By: Christopher Newton, Associated Press Writer
(AP) Federal agencies are scrutinizing their Web sites and striking any information they believe terrorists might use to plot attacks against the nation.
The move is quickly reversing strides the government has made over the last decade toward providing public information online.
The review of the government’s Web sites is wide in scope. It is unclear whether a specific guideline has been passed down which types of information should be removed.
There also is no uniform process for the review, according to some agency officials. Some federal agencies are not commenting on whether they are removing information from their Web sites, while others give vague descriptions of their deletions.
The Nuclear Regulatory Commission shut down its Web site Wednesday.
NRC spokesman William Beecher said the agency plans to remove the coordinates of the nation’s 103 commercial nuclear power reactors, among other information.
When Internet surfers try to visit the NRC Web site, they find a note that says, “In support of our mission to protect public health and safety, we are performing a review of all material on our site. We appreciate your patience and understanding during these difficult times.”
Beecher said most of the information being taken down has been there for years.
“In most cases it is common information, nothing top secret was on the Web site to begin with,” Beecher said. “We just don’t want to provide anything that a terrorist might find helpful.”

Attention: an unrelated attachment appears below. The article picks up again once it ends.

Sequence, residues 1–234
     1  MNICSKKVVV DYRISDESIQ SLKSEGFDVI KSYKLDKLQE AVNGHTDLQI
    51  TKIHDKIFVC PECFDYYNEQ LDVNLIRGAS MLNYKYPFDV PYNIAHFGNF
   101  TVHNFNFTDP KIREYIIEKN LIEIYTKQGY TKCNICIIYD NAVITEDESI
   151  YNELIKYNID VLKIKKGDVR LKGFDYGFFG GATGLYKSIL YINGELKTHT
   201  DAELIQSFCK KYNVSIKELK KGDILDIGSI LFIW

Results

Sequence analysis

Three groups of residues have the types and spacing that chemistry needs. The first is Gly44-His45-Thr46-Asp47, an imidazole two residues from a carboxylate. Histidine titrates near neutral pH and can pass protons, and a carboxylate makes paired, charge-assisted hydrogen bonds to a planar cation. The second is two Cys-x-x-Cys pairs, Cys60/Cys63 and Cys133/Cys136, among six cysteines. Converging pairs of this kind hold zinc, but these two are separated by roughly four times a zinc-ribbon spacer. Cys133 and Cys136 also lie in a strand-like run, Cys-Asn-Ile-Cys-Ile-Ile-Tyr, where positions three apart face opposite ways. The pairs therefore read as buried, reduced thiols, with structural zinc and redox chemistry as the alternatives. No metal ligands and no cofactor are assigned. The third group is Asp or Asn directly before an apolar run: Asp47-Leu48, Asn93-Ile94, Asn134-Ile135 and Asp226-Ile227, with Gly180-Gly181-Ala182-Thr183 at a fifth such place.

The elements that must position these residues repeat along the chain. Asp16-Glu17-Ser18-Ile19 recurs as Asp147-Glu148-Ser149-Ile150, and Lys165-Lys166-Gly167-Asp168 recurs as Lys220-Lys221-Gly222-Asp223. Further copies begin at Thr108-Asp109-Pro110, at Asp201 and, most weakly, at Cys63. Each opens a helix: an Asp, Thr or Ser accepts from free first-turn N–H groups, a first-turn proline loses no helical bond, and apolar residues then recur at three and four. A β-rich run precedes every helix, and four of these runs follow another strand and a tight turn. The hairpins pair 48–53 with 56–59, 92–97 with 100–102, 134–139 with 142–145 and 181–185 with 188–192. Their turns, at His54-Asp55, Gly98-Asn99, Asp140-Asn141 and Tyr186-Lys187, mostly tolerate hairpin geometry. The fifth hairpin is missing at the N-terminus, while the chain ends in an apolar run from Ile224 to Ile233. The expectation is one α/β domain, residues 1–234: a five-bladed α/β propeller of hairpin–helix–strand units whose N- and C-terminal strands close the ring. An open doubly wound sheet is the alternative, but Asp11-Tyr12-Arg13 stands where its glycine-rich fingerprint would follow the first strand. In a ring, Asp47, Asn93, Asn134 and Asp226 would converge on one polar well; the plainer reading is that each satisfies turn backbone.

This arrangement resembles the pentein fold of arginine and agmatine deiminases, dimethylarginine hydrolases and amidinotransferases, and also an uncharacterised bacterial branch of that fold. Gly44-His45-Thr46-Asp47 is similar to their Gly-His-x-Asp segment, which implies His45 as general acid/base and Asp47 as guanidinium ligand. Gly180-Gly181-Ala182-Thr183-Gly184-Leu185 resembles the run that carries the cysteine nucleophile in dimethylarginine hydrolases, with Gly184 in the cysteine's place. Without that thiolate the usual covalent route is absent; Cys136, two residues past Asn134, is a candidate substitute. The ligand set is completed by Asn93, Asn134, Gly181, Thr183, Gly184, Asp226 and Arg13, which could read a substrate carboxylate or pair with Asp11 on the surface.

Federal agencies have been reviewing their sites in the wake of the terrorist attacks on Sept. 11. Bush spokeswoman Anne Womack said the White House has not requested that they do so — the reviews are voluntary.
The Environmental Protection Agency has taken down a Web site with information about emergency plans and chemicals at 15,000 sites nationwide.
Also this week, the Centers for Disease Control and Prevention removed a vague report about security at chemical plants from its Web site.
The U.S. Office of Pipeline Safety is also restricting to industry and government officials its mapping software and pipeline data.
Bush administration officials speculate that all of the data could be useful to terrorists.
There is some evidence that terrorists who crashed planes into the World Trade Center and Pentagon used the Internet to accomplish their mission, Attorney General John Ashcroft has said.
Ashcroft also told Congress that one person in federal custody had downloaded information about crop-dusting planes, which could be used for biological or chemical attacks.
Some watchdog groups and first amendment attorneys worry the Web site restructuring will separate people needlessly from public information.
“In many ways, it is ridiculous, because this information is public, and the Internet is a public domain,” said Landry Bolville, a first amendment attorney in Washington. “Any piece of information could be used by a terrorist, and it seems like a lot of what is being altered is not directly dangerous. You haven’t made life harder for the terrorist; you’ve just made it harder for taxpaying citizens.”